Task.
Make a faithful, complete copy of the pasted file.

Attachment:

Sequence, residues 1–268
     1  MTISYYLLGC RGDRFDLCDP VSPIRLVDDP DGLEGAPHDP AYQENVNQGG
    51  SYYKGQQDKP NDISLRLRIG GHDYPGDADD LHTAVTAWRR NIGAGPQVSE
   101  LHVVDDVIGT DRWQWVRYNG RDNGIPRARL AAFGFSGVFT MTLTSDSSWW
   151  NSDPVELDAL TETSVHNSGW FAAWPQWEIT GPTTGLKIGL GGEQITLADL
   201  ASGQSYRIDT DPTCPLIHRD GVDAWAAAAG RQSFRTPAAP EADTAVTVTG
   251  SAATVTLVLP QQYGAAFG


Sequence, residues 1–268
     1  MTISYYLLGC RGDRFDLCDP VSPIRLVDDP DGLEGAPHDP AYQENVNQGG
    51  SYYKGQQDKP NDISLRLRIG GHDYPGDADD LHTAVTAWRR NIGAGPQVSE
   101  LHVVDDVIGT DRWQWVRYNG RDNGIPRARL AAFGFSGVFT MTLTSDSSWW
   151  NSDPVELDAL TETSVHNSGW FAAWPQWEIT GPTTGLKIGL GGEQITLADL
   201  ASGQSYRIDT DPTCPLIHRD GVDAWAAAAG RQSFRTPAAP EADTAVTVTG
   251  SAATVTLVLP QQYGAAFG